Dream Lake is a popular hike in Rocky Mountain National Park. We hiked the trail at the end of May. It’s always helpful to check the park’s trail conditions before selecting a hike, especially this time of year. (Here is the link)
You start at the Bear Lake trailhead which is a hot spot in the park! If you can’t find a parking spot in the lot, don’t give up – the national park has a park and ride shuttle that is free to use once you’ve paid the entrance fee. Routes change with the season. (more info)
Once we unpacked the kids from car, we were greeted by friendly and knowledgeable park staff and volunteers. Don’t forget to say thank you to them for keeping the park such a clean and amazing place – especially the people who have to clean the bathrooms. Bear Lake has several non-flushing toilets available.
The total hike is 1.1 miles each way starting at 9,450 ft in elevation and gaining 450ft. You will cross by Nymph Lake half way into the hike which is a lovely spot.
Nymph is short for Nymphae polysepala the original scientific name for the lily pads that adorn the lake during the summer months. (according to Rocky Mountain National Park – the Complete Hiking Guide by Lisa Foster)
As you continue to climb, the views of the surrounding mountains open up.
You will pass by a small waterfall which is a great spot for a family picture (if your kids cooperate)
Here is a view from the top.
We were excited for the opportunity to play in a little snow right before Dream Lake, but had to use extra caution because it was pretty slippery in places.
And finally our Dream Lake destination, which never gets old no matter how many times we hike to this gorgeous spot.
Last week we took a last-minute family road trip to Estes Park, Colorado with our two-year-old, Cecy and our two-month-old, Evy. On the second day of our trip we woke up to snow and decided to go to Lily Lake, which is one of our favorite places in Rocky Mountain National Park. We love it so much that we named Evy – Evelyn Lily after the lake and nearby Lily Mountain. Hopefully when she grows up she thinks that’s cool and not completly corny!?
We pulled on the layers and (mostly) enjoyed the big, white, fluffy flakes. Cecy rode in the sled for part of the .8 mile hike.
And on her Daddy’s shoulders for the rest.
While little Evy enjoyed cuddling all warm next to me in our Ergo carrier. You can see the snow was really accumulating quickly on my hat!
We were the only (crazy) ones on the trail and it felt pretty magical.
We spotted a few ducks swimming in the cold.
Based on the weather forecast we were surprised when we ended our hike that it was still snowing and that it had snowed so much. The roads were pretty slippery on the drive back to our condo.
Lesson learned!! Next time we’ll check cotrip.org. They have a camera setup right by Lily Lake to show road conditions.
According to the Spring 2017 edition of RMNP newspaper, Spring is the snowiest season in Rocky Mounation National Park. ‘On average, some of the biggest snowstorms of the year happen in March, April, and even May. Be prepared.’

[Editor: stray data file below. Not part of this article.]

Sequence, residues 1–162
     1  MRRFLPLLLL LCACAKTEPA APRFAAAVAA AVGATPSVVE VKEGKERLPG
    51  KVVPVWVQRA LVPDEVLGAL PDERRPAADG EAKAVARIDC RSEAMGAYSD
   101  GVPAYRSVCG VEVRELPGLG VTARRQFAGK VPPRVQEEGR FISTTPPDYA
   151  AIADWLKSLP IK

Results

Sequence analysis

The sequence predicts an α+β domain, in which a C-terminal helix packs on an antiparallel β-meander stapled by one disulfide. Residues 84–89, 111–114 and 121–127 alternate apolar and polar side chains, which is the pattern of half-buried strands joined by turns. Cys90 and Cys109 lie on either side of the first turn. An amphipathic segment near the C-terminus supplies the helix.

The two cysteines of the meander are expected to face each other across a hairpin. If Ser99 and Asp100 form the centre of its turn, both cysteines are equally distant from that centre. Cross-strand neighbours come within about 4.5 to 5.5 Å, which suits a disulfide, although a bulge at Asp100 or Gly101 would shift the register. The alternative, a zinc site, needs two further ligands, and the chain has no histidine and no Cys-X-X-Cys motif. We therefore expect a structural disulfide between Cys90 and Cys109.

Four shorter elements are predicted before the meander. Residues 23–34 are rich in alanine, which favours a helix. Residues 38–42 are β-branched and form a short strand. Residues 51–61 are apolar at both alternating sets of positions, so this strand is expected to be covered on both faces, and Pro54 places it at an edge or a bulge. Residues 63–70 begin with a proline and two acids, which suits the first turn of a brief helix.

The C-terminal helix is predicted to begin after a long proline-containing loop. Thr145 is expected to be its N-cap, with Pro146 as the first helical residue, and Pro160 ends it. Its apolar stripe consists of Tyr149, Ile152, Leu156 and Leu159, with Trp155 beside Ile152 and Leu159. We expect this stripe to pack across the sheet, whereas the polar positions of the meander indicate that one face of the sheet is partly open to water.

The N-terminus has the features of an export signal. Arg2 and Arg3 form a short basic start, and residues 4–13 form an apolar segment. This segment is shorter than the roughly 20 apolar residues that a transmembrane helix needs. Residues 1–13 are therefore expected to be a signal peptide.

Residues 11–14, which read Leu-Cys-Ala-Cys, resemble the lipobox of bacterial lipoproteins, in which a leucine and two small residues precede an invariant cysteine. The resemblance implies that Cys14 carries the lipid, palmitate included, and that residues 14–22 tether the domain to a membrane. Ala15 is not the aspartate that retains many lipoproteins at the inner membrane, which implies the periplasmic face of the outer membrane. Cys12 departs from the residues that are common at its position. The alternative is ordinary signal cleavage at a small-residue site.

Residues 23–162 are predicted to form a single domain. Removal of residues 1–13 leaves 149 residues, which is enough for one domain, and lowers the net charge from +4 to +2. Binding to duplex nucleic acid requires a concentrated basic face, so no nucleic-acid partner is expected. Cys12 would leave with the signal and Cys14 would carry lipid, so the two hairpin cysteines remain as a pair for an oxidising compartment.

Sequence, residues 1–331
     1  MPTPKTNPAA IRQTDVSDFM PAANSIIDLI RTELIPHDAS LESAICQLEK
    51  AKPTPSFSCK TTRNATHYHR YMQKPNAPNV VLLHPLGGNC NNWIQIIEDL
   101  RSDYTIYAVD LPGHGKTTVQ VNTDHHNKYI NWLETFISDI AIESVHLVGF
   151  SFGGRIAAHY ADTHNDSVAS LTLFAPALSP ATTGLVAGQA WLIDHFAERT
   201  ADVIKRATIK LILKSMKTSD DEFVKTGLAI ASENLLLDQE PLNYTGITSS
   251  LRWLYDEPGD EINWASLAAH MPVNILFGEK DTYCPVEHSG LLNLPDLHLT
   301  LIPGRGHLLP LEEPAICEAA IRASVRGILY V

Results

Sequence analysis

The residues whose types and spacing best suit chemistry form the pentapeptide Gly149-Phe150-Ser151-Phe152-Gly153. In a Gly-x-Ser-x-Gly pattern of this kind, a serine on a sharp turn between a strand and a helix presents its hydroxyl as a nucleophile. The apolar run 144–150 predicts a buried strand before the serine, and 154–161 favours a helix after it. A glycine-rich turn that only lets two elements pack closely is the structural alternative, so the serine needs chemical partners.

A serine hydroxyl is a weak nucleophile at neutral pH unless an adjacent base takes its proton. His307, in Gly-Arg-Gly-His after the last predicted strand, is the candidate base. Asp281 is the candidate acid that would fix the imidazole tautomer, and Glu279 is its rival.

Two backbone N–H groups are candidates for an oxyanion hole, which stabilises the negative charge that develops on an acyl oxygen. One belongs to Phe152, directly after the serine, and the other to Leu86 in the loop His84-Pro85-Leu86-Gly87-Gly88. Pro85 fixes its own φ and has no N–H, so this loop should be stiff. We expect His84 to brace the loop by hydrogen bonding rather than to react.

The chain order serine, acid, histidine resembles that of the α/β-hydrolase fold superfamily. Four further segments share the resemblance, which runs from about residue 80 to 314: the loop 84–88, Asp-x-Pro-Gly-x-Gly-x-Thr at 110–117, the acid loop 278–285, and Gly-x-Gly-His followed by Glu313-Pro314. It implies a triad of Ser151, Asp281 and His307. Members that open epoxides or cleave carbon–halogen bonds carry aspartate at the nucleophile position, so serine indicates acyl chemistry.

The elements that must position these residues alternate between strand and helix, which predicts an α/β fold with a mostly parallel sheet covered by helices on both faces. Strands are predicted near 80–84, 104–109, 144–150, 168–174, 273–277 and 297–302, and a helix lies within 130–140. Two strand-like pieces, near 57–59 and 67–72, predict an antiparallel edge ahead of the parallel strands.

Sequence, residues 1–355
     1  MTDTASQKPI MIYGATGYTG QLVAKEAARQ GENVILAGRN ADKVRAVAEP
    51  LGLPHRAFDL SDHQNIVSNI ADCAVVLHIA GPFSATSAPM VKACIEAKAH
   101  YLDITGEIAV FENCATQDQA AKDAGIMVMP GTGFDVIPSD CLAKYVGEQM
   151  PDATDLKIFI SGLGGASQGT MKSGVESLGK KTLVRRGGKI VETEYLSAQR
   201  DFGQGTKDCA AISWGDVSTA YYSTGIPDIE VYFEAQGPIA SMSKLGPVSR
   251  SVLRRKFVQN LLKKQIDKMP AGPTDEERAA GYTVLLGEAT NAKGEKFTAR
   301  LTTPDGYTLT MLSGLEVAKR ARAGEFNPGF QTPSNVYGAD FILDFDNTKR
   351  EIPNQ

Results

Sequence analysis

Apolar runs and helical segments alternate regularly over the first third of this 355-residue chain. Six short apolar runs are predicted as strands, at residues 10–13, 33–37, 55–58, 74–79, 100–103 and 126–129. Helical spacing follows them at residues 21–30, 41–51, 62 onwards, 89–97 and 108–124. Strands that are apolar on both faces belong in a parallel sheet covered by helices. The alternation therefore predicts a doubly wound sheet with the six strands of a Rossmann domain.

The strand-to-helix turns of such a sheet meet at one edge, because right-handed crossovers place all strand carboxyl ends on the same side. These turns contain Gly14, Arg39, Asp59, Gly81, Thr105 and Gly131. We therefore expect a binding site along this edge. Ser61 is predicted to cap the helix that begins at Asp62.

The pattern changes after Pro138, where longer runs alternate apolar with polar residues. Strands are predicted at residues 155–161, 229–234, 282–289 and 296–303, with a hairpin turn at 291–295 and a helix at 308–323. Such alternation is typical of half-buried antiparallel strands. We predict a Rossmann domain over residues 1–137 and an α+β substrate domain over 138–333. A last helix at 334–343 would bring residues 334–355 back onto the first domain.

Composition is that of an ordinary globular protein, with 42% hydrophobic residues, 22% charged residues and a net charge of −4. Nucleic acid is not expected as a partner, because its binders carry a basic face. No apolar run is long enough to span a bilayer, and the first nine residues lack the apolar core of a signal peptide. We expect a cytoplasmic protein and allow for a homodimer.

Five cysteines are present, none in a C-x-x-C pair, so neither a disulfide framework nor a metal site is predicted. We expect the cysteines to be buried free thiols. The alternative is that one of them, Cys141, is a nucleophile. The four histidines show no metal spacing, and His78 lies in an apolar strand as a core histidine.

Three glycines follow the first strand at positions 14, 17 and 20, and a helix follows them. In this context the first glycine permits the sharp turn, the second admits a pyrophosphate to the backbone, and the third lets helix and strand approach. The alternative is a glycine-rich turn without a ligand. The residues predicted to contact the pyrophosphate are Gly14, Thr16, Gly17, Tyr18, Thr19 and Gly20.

Besides checking road conditions, you can also check trail conditions at go.nps.gov/RockyTrailConditions.
Last week we headed to Colorado to celebrate our fourth wedding anniversary, because what could be more romantic than bringing a one-and-a-half year old hiking? Well, maybe it wasn’t the most romantic trip we’ve been on, but I couldn’t think of a prettier place to celebrate than Rocky Mountain National Park.
Spring Weather Conditions in Rocky Mountains
When we plan hikes with our little one, the first thing we think about is the weather conditions. The Bear Lake area currently has 40 inches of snow. We wanted to stay in lower elevation, so we decided to check out the Cub Lake trail which is in the majestic Moraine Valley. We were lucky to arrive on a sunny day, but melting snow made the trail muddy in places and we went through a few snow patches.
Hiking Gear for Kids
It’s amazing how fast Cecy is growing. We are planning to replace her beloved baby carrier for a sturdier kid carrier soon, but for this trip we rented one at the Warming House in Estes Park for $10 per day. This carrier is similar.
I bought trekking poles which helped keep our balance in the snow and took some of the impact off our knees and back. I was also very thankful for my waterproof hiking boots! These hiking boots are similar.
The Cub Lake trail is 2.5 miles each way. The trail-head starts out in the Moraine Valley where we spotted elk grazing right off the trail.
Feeling the Burn
Beyond the valley you enter a wooded section of the trail that is scarred by fire damage. Truthfully, the first time I hiked through this area I didn’t think it was very pretty. This time I decided to find the unique beauty in it which made a big difference on how much more I enjoyed this section of the hike.
There were a few uphill bursts before the lake – made more challenging by snow and baby.
We made it to Cub Lake and took a little refreshment break! Later in the season we’d likely see lily pads on top.
After our break I offered to take turns and have Cecy ride on my back. This lasted about 25 minutes going down hill. Aren’t I nice? But honestly, I couldn’t have gone much further. It was tough work!! I’m excited to try again and build up some endurance and muscles this summer.